Worst Texas Drought in 44 Years Eroding U.S. Wheat, Beef SupplyWhitney McFerron and Elizabeth Campbell
The worst Texas drought in 44 years is damaging the state’s wheat crop and forcing ranchers to reduce cattle herds, as rising demand for U.S. food sends grain and meat prices higher.
Texas, the biggest U.S. cattle producer and second-largest winter-wheat grower, got just 4.7 inches (12 centimeters) of rain on average in the five months through February, the least for the period since 1967, State Climatologist John Nielsen-Gammon said. More than half the wheat fields and pastures were rated in poor or very poor condition on March 20.
Dry conditions extending to Oklahoma, Kansas and Colorado may cut crop yields in the U.S., the world’s largest exporter, as too much moisture threatens fields in North Dakota and in Canada. Wheat futures in Chicago are up 50 percent in the past year, after drought in Russia and floods in Australia hurt output and sent global food prices surging. Wholesale beef reached a record this week, and the U.S. cattle herd in January was the smallest since 1958.
“We’re probably already seeing some damage, but in the next couple of weeks, we’ll surely go downhill major if we don’t get some rain,” said David Cleavinger, who is irrigating 75 percent of his 1,000 acres (405 hectares) of wheat in Wildorado, Texas. “With the prices we’re seeing, we’re trying to hold on, but there’s nothing that takes the place of a rainstorm.”
Cleavinger, 53, has a 3,500-acre farm that includes corn and cotton.
Parts of Texas, Oklahoma, Kansas and Colorado had less than 25 percent of normal precipitation in the past 30 days, National Weather Service data show. The region may get some help from storms beginning March 26, which may drop about a half an inch of rain, said Joel Widenor, a meteorologist at the Commodity Weather Group LLC in Bethesda, Maryland.
“In a lot of places, there’s very little moisture in the ground,” said Nielsen-Gammon, the state climatologist who also is a professor of atmospheric sciences at Texas A&M University in College Station. Low subsoil moisture “will make us very susceptible to drought this summer if we have extended patches of dry weather,” he said.
Wheat prices on the Kansas City Board of Trade, which track the hard-red winter variety grown in the southern Great Plains, have surged 71 percent during the past year. Futures for May delivery closed yesterday at $8.30 a bushel.
Prices may climb to $10 or $12 by August if the dry conditions persist in the southern Great Plains and if other growing areas of the world endure adverse weather the way they did last year, said Kim Anderson, an agricultural economist at Oklahoma State University in Stillwater.
Reduced Crop Yield
Crop yields in the U.S. this year may be comparable to 2007, when dry weather trimmed winter-wheat output to 41.7 bushels an acre, Anderson said. Since 2000, national yields have averaged 43.8 bushels, according to U.S. Department of Agriculture data.
The USDA estimated last month that the nation’s production may fall 5.8 percent from a year earlier to 2.08 billion bushels, as dry weather spurs farmers to abandon some crops.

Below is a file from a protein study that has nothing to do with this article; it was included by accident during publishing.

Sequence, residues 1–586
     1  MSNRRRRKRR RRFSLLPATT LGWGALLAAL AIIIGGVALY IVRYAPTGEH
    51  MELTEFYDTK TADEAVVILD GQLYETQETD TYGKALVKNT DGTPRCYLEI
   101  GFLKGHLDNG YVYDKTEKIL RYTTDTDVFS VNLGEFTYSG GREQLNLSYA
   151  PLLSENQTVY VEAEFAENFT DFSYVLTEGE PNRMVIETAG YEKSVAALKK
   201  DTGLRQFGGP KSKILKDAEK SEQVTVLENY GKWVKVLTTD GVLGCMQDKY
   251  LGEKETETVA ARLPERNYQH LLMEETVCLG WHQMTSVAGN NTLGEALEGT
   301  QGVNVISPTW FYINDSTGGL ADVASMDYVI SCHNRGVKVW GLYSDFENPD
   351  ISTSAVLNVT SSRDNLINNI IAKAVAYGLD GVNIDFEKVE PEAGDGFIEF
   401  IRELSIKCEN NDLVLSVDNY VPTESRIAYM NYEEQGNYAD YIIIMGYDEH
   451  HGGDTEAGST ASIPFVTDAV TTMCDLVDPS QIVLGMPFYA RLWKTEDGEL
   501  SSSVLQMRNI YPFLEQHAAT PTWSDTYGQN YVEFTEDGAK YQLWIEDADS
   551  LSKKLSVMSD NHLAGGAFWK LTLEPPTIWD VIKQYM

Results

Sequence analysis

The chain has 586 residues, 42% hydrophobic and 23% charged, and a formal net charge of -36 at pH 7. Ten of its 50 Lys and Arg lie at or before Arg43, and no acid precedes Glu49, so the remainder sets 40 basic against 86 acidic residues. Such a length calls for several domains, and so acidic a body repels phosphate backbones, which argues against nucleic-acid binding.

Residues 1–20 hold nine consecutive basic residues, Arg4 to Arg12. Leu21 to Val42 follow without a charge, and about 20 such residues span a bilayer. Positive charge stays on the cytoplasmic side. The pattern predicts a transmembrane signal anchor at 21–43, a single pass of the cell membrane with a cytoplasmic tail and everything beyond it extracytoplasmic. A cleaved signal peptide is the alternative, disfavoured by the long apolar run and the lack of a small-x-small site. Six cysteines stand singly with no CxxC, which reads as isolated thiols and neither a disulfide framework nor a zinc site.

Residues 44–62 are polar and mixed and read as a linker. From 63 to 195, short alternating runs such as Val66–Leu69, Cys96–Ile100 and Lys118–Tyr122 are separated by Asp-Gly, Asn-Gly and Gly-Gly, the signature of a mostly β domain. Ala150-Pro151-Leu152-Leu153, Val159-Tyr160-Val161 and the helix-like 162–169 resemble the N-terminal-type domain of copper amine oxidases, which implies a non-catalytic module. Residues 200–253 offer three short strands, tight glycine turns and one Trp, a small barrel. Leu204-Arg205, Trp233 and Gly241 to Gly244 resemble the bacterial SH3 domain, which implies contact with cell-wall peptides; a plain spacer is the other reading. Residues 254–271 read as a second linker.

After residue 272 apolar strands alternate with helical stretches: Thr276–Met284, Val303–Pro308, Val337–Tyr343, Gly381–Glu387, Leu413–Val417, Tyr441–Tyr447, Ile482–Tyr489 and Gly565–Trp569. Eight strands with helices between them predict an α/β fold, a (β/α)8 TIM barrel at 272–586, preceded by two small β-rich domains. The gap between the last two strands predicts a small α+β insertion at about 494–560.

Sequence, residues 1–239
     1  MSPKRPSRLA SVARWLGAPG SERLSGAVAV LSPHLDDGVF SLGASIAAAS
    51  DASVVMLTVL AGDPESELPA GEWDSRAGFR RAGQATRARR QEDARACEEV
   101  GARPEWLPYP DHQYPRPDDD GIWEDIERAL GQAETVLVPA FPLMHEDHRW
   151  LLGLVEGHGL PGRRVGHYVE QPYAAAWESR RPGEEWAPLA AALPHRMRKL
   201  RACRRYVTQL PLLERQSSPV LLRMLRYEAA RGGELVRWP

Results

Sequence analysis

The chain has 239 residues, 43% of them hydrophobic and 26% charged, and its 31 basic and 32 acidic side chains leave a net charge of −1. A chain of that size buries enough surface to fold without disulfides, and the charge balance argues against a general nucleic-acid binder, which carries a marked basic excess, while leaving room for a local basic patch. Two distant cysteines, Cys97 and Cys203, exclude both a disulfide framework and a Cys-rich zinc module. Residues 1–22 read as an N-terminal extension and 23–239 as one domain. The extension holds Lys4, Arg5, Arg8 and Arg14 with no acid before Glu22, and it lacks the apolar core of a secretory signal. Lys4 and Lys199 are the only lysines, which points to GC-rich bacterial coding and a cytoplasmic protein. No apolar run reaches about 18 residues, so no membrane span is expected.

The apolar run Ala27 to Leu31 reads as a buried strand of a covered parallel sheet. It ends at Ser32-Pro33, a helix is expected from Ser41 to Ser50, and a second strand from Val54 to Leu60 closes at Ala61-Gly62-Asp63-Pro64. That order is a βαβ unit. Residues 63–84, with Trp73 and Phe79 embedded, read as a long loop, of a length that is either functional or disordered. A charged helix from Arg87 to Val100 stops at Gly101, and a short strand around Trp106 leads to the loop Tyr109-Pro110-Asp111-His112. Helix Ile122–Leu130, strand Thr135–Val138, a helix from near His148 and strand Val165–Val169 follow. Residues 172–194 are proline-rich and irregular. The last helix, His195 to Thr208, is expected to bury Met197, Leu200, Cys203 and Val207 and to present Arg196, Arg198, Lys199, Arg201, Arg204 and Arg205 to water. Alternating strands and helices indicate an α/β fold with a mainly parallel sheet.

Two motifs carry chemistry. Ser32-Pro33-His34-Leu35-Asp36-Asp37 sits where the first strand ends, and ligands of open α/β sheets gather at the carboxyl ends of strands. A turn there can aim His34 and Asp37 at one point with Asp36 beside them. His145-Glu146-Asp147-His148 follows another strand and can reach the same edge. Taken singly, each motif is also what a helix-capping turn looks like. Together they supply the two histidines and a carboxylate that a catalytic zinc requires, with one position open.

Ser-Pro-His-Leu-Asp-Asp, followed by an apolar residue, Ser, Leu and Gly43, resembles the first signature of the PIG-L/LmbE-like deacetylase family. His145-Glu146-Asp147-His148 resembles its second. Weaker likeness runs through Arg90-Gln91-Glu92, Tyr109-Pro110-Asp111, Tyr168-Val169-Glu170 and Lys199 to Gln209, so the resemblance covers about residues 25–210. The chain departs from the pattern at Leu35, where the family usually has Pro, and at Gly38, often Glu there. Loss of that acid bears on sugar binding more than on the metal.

“Each day we don’t get rain, our potential yield goes down,” Anderson said. “If things turn perfect, I think we could have an average crop, but I’m talking about perfect from here on out. The odds of that are pretty slim.”
Prices reached a record $13.495 on the Chicago Board of Trade and $13.95 in Kansas City in February 2008, when food shortages sparked riots from Haiti to Egypt. Unrest this year toppled leaders in Egypt, the world’s largest wheat importer, and Tunisia. Chicago futures advanced to a 29-month high on Feb. 14 as countries in the Middle East and Africa boosted stockpiles.
Texas, Kansas, Oklahoma and Colorado produced 716.6 million bushels of wheat last year, about 32 percent of the total U.S. crop, USDA data show. Those four states had 27.35 million head of beef and dairy cattle as of Jan. 1, or 30 percent of the total nationwide.
Ranchers are selling cattle to feedlots earlier than usual because there’s little grass for them to eat, said Bill Hyman, the executive director of the 8,000-member Independent Cattlemen’s Association of Texas, based in Lockhart. The state will have a smaller herd later this year, said Hyman, a rancher in Gonzales, Texas.
The herd “is probably overall decreasing because of the drought,” Hyman said. “The number of cattle will probably continue to decrease until we see rain” and signs that there is a sufficient profit incentive to expand herds, he said.
Cattle futures jumped 23 percent in the past year to $1.1335 a pound yesterday on the Chicago Mercantile Exchange, after touching a record $1.18 on March 9. Wholesale-beef prices are up 17 percent in the past year, touching $1.8905 a pound on March 22, the highest since at least January 2004, when USDA began its current price-tracking method. U.S. retail-beef prices were 9.4 percent higher in February than a year earlier, the USDA said last week.
The drought “is not allowing us to increase supplies when the market’s asking us to,” said Brent Skaggs, a commodity broker at Price Futures Group in Amarillo, Texas. “It’s been dry for a number of years. We haven’t really had a wet year to be able to increase our herd size.”
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